As you may have gathered following yesterday’s not-really-a-post, I’ve come back to Scotland. After leaving Portsmouth the other day I headed straight for Liverpool, where I stayed with my friend Tilly and her boyfriend Luke. Luke says ‘you know what I mean’ at least every other sentence (I am being literal), hence the honorary naming of today’s post!
On the Saturday night I got in quite late, then we settled in with a few bottles of wine. It was all good fun: Tilly and I worked together in 2007 and have been catching up regularly since. We had a lot to talk about! Haha we’d just finished discussing all of the gossip regarding people we used to work with when suddenly Tills puts on this serious face, turns to me, and says “Laura, you’re intelligent..?”
“Uh… what do you need?” I asked. She then explained that they’d dropped the TV remote down the back of the radiator quite some time ago, and couldn’t figure out how to retrieve it. Drunk Laura is always up to the task, so naturally we started dismembering the room.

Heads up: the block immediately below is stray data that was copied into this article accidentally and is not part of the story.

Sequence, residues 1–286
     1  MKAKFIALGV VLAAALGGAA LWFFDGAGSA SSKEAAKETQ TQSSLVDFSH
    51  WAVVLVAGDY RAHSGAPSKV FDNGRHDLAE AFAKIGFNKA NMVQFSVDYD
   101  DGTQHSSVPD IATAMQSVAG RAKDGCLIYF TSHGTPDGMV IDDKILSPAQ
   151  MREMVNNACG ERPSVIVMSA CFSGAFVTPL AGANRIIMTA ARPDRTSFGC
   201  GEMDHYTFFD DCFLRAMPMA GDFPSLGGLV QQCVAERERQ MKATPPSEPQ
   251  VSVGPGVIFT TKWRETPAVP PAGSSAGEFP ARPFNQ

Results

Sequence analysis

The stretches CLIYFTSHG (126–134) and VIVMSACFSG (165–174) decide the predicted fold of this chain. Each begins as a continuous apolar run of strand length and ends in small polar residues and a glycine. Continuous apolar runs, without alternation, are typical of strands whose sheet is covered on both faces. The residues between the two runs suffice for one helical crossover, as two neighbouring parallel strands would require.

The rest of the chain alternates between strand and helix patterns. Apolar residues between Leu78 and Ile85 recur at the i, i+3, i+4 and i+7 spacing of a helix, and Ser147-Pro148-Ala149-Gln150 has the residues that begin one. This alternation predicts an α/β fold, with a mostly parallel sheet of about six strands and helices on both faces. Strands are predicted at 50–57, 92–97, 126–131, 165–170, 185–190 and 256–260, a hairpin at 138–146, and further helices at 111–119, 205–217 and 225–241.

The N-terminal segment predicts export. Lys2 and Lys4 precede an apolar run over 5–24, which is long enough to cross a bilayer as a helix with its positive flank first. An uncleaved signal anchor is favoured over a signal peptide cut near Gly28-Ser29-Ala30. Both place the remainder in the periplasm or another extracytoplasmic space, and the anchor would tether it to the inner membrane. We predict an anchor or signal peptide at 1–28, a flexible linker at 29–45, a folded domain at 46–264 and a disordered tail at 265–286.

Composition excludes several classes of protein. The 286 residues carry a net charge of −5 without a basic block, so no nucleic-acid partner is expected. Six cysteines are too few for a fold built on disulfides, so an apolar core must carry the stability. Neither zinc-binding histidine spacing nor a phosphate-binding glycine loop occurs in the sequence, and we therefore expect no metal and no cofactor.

First I tried levering it out with a flag post, but it was a bit too floppy. It was also a bit skinny, so next we pulled out lots of pairs of socks and strapped them to the end of it, hoping to make a platform for the remote. So that was a good way to get some socks stranded.
I then complained that I actually couldn’t see anything I was doing, so Tilly got out her phone to use as a torch, and rested it on top of the radiator. Needless to say, it dropped down to join its buddy the remote within a few minutes, and we both lost it in a giggling fit which was far too prolonged. We moved the bed away from the radiator and I tried to knock the phone down off the skirting board so she could grab it, and eventually that worked out.
At some point in the middle of this I’d started eyeing off the curtain rods lustfully. So, next thing you know, I’m standing on the window ledge with Tilly holding my ass so I can use both hands to take the curtains down. Until, that is, she forgot what she was doing and walked off. I don’t even know what magic held me there!